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Kendra Broekhuis (’11) “embodies what it means to be hospitably reformed, and she does so in a way that is open and honest,” says Brandon Huisman, director of alumni relations at Dordt. In 2017, Broekhuis was the first to receive Dordt’s new “Horizon Award,” which honors young alumni who are becoming leaders and innovators committed to faithful living.
“The most significant things I learned at Dordt were not facts or dates, but attitudes and postures,” says Broekhuis. “The professors gave me personal, valuable training in the field of education, teaching me that my work is an act of worship to our Creator. The friends I met taught me that within the body of Christ, there is home, even when you are 11 hours from your parents.”
Broekhuis was drawn to Dordt because it offered her support as both a volleyball player and a student. She didn’t have to choose between academics and athletics; she majored in Elementary Education with endorsements in reading and English as a Second Language (ESL) while playing competitive volleyball. Dordt provided her with practicum experiences in real elementary classrooms, which cemented her desire to become a teacher.
After graduating in 2011, Broekhuis married her husband, Collin (’09), and one month later they moved to Quetzaltenango, Guatemala, to teach at Inter-American School, a Christian English immersion school. There, they were reminded that their faith in Christ tied them to the community of the global church and that unity transcends differences in nationality.
“For three years we were the ‘strangers,’ but we were graciously welcomed in,” says Broekhuis. “We really gobbled up Guatemalan hospitality. The slower pace of life taught us the beauty of not always rushing to get to the next thing.”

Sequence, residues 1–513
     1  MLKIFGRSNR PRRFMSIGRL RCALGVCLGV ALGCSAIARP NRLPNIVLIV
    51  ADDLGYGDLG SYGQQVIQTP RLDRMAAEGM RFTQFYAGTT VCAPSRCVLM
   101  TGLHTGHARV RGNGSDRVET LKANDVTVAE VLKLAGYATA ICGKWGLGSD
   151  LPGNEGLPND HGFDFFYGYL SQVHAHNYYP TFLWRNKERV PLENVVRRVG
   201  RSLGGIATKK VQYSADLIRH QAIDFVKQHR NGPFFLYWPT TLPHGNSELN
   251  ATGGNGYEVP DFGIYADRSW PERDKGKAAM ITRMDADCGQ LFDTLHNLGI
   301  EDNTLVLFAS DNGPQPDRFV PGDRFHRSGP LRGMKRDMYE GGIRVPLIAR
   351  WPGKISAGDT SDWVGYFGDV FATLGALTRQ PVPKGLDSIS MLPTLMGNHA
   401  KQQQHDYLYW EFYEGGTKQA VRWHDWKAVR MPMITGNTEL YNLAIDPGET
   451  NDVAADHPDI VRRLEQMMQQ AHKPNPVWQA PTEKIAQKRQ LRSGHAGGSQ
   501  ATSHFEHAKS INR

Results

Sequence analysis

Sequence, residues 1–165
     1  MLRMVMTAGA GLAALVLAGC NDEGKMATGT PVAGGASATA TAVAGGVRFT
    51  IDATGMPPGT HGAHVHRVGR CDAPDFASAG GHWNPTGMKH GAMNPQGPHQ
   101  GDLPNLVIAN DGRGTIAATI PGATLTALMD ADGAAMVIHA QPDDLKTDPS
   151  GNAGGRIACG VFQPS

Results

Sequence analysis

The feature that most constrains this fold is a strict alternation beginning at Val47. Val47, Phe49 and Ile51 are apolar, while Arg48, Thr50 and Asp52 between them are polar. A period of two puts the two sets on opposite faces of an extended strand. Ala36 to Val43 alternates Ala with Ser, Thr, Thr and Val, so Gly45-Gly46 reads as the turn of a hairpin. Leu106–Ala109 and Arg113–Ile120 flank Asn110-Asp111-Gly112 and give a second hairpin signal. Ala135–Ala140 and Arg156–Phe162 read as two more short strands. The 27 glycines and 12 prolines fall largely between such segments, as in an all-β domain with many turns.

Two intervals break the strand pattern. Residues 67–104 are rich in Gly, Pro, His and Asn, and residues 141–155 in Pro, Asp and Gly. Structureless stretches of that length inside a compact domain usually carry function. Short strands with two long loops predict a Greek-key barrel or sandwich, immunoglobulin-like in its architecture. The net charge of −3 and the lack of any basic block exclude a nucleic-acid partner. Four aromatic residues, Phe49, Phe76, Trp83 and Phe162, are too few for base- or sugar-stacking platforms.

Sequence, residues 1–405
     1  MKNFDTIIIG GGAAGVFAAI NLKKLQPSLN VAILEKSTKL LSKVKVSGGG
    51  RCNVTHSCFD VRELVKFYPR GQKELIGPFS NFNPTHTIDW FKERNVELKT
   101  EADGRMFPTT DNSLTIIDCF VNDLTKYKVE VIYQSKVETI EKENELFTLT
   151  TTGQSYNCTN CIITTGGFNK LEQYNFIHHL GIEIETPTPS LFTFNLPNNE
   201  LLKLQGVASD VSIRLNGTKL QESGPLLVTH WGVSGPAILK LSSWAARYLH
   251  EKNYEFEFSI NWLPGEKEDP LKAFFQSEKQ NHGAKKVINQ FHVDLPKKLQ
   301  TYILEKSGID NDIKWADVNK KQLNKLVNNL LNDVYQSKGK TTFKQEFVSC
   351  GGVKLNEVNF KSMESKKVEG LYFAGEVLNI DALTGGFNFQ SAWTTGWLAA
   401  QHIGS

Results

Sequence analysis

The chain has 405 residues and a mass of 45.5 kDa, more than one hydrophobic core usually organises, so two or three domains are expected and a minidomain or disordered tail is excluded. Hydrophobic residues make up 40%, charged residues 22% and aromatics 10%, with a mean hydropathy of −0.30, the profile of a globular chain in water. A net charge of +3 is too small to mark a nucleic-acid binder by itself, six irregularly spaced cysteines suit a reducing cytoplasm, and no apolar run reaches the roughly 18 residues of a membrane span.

While in Guatemala, Broekhuis began a blog to stay in touch with family. “I fell in love with writing. I was able to articulate better than when I speak and put my endless thoughts into clear words,” says Broekhuis. “It has become like therapy for whatever ups and downs we are going through in life.”
Broekhuis was prompted to write Here Goes Nothing (2017) because she wanted to apply what she and her husband had learned in Guatemala to their lives when they moved back to the United States. “The book captures tensions I feel day-to-day—for example, finding value in my work as a stay-at-home mom, yet knowing that if we are Christ followers we will love people outside our own walls too,” says Broekhuis.
Today, Broekhuis tried to apply the virtue of hospitality she learned, both at Dordt and during her time in Guatemala, to her new community in Milwaukee, Wisconsin.
“The Dordt community was so engaging – both on campus and in the surrounding community. I came from far out of town and didn’t know many people. But people welcomed me as a stranger, invited me to eat and spend time with them, and those developed into lifelong friendships. Now as a family, we try to engage the people in our everyday lives—just like Dordt does—to continue that hospitality now that we’re the adults.”